HeroesWithoutCapes

Zimbabwe’s Richest Man – Strive Masiyiwa: Empowering Africa’s Vulnerable Children Through Education And Creating Opportunities For The Youth

A quick search on goggle and you find tons of information on Strive Masiyiwa, billionaire telecom mogul Zimbabwe’s richest man – UK’s first black billionaire and one of Africa’s boasting of an intimidating net worth of $2.7 billion. The 61-year-old is the founder and executive chairman of the international technology group Econet Global.

But, alongside his grand achievements in the industry, and beyond, you will also find Masiyiwa’s far-reaching noble impact in Zimbabwe, and across Africa, driving one of Africa’s most impactful foundations – The Higherlife Foundation which has steadily since inception in 1996 provided education to over 250, 000 vulnerable and orphaned African children via funding academic initiatives such as libraries and resource centers and sponsoring scholarships.

Although as expected for a man of status with an income that affords him the luxury of the finest things, he does own an expanse of multi-billion dollar properties spread across different countries and a luxurious jet, with assets including stakes in mobile phone networks in Burundi and Lesotho, and investments in fintech and power distribution firms in Africa, but, he is quite simple at heart, and pours a huge part of his earnings into philanthropy, powering educational initiatives and sponsoring students at universities in America, the United Kingdom, and China.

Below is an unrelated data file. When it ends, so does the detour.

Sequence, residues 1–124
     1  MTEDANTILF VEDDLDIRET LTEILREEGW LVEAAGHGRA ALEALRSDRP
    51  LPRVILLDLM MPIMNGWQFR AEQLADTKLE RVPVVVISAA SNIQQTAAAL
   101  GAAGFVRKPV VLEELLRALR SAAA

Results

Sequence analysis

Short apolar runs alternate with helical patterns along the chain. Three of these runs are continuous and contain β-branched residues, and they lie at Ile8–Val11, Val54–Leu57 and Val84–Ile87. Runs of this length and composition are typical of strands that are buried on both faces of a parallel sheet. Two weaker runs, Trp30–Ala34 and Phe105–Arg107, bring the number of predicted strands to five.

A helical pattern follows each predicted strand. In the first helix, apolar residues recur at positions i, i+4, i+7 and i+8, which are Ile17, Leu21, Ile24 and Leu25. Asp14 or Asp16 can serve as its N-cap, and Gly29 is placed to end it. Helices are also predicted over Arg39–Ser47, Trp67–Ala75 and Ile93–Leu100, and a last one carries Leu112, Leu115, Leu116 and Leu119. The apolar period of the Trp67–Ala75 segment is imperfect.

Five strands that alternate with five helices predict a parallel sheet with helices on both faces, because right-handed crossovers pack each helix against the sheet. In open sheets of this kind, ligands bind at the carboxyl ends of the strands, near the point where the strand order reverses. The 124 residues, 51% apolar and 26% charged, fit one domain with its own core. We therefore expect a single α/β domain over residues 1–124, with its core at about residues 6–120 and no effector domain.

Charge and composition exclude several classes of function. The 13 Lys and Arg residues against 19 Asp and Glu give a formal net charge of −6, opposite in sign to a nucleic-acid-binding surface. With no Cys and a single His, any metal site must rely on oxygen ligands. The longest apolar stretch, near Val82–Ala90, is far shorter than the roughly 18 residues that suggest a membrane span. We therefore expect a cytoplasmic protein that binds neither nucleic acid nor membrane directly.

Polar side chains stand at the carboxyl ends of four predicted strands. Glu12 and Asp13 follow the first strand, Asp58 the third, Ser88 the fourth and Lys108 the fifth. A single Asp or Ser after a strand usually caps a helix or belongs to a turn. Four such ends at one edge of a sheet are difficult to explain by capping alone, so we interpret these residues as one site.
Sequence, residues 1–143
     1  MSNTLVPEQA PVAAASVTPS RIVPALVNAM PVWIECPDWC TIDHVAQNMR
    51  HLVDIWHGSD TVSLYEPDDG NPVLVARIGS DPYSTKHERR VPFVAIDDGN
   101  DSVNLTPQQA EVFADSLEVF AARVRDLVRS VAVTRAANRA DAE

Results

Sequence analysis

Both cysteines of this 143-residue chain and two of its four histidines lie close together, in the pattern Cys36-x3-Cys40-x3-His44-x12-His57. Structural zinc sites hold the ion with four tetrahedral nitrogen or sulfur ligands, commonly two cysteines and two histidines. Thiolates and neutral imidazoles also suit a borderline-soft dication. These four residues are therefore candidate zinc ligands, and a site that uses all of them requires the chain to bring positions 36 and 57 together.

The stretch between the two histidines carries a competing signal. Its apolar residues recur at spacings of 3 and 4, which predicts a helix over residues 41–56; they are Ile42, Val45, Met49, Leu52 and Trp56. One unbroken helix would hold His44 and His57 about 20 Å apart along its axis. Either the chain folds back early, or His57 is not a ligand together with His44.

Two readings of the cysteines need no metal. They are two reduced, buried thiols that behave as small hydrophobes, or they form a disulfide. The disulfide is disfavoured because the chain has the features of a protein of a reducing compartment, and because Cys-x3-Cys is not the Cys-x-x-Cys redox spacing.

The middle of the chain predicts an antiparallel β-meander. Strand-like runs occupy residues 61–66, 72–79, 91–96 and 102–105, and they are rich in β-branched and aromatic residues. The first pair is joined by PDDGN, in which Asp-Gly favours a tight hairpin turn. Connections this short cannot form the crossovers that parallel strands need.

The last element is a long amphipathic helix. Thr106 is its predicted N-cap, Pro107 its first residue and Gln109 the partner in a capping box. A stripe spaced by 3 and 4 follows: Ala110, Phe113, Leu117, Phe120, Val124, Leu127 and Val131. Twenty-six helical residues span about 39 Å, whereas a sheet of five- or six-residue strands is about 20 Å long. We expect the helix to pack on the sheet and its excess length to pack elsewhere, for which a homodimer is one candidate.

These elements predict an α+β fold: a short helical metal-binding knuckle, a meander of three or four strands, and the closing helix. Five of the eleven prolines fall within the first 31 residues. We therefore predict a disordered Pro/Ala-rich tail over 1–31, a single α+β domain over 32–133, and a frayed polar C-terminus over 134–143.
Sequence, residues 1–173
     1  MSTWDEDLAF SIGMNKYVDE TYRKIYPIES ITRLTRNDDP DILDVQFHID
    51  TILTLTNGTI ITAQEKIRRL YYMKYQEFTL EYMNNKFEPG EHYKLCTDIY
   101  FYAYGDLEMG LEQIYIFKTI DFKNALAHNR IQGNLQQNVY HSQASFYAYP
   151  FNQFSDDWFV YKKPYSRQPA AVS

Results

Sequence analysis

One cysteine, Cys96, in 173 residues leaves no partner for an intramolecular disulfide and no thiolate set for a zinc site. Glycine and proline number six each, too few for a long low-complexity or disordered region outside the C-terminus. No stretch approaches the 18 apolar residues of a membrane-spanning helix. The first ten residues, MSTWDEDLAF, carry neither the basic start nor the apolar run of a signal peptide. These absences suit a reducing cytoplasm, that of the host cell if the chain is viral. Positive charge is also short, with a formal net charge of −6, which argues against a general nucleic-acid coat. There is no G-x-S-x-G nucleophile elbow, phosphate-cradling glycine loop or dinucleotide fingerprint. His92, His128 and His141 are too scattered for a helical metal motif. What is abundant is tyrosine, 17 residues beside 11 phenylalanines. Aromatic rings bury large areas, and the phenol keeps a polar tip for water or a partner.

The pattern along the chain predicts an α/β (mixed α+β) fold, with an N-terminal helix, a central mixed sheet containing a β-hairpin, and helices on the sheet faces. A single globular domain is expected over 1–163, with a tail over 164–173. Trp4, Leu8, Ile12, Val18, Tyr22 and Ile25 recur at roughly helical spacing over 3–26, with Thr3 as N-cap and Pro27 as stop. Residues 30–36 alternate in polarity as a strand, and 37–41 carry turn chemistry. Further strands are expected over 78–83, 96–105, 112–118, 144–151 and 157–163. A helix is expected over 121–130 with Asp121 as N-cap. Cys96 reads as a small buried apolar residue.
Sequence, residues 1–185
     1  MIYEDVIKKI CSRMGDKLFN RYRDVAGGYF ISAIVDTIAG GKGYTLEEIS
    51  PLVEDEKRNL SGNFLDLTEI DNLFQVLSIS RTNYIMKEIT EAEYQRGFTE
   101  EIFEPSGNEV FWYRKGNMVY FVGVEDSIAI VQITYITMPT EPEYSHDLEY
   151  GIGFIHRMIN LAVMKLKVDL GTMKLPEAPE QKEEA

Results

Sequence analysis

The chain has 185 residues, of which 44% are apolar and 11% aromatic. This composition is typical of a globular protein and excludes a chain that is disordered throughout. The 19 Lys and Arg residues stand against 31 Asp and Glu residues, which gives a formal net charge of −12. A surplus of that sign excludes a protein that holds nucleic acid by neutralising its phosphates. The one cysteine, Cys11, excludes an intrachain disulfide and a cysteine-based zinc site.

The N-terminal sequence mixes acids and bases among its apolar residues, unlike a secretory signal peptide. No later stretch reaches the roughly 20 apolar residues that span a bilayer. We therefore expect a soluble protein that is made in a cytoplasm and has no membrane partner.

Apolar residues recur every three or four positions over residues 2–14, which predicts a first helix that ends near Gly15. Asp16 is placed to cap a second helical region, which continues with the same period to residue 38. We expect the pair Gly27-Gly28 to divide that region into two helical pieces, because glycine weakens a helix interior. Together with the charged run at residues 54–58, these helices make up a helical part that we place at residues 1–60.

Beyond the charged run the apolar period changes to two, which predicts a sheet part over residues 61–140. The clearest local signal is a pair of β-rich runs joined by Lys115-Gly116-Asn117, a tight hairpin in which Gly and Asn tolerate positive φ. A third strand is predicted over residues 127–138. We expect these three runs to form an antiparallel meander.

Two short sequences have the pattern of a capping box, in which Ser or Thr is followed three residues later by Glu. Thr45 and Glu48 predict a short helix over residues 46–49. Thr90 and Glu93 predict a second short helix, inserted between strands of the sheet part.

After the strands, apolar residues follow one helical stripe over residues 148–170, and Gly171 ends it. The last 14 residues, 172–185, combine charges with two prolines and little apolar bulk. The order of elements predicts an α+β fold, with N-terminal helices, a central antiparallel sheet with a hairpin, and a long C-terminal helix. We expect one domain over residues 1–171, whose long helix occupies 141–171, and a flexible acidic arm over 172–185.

Today the foundation’s reach encompasses healthcare, medical assistance, poverty alleviation and  empowering rural economies, with footprint in Lesotho, Burundi, Rwanda, Swaziland, South Africa, and Kenya

Born in Southern Rhodesia, contemporary Zimbabwe, on 29 January 1961, his family later relocated to Zambia, at age 12 he attended a private school in Edinburgh, Scotland. Strive later went on to earn a degree in electrical engineering from the University of Wales in 1983, proceeding briefly to work in the computer industry in Cambridge, England, but soon returned home to Zimbabwe in 1984, hoping to aid the country’s recovery following the end of the Rhodesian Bush War and universal franchise elections in 1980.

Masiyiwa is also a member of the Bill Gates and Warren Buffett initiative known as the Giving Pledge and also sits on the board of Netflix.

In May 2020, Masiyiwa was appointed by South African President and African Union Chair Cyril Ramaphosa to serve as a Special Envoy to the African Union for COVID response. He led a similar private sector initiative to fight Ebola in West Africa in 2014-2015.

Earlier this year, Strive Masiyiwa, has stepped down from the position of Chairman and Director after 29 years helming its affairs, retaining his more than 50% stake in the company he listed on the Zimbabwe Stock Exchange in 1998.

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